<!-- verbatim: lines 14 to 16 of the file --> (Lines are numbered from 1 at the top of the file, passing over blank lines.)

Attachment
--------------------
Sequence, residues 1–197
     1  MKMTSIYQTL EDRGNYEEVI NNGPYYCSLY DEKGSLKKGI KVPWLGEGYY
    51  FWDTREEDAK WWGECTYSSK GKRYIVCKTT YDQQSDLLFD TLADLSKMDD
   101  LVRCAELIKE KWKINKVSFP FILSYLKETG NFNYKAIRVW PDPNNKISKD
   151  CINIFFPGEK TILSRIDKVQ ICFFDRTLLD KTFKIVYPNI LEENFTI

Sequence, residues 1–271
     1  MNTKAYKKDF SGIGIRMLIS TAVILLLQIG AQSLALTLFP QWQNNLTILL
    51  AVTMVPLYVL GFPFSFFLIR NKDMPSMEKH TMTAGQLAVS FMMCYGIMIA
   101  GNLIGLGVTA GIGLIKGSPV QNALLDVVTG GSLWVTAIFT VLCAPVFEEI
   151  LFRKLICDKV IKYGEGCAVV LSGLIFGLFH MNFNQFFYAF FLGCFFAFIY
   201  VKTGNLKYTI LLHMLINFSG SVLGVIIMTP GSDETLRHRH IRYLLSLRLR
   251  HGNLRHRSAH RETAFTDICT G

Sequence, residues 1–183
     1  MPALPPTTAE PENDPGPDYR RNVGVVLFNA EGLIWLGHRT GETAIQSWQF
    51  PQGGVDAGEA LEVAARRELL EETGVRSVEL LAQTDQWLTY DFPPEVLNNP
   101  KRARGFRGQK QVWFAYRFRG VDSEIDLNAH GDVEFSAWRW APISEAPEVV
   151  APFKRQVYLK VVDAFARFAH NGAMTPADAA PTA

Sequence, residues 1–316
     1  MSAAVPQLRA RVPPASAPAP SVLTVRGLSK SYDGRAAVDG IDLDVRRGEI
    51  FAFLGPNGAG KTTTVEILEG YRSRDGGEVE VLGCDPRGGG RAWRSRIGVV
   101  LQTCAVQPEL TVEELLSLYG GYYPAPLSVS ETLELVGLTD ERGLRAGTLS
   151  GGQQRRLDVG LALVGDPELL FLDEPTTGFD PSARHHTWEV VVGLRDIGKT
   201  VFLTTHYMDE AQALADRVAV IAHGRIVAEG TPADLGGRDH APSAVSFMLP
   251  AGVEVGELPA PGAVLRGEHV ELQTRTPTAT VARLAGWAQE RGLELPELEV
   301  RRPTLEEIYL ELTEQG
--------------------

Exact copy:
     1  MPALPPTTAE PENDPGPDYR RNVGVVLFNA EGLIWLGHRT GETAIQSWQF
    51  PQGGVDAGEA LEVAARRELL EETGVRSVEL LAQTDQWLTY DFPPEVLNNP
   101  KRARGFRGQK QVWFAYRFRG VDSEIDLNAH GDVEFSAWRW APISEAPEVV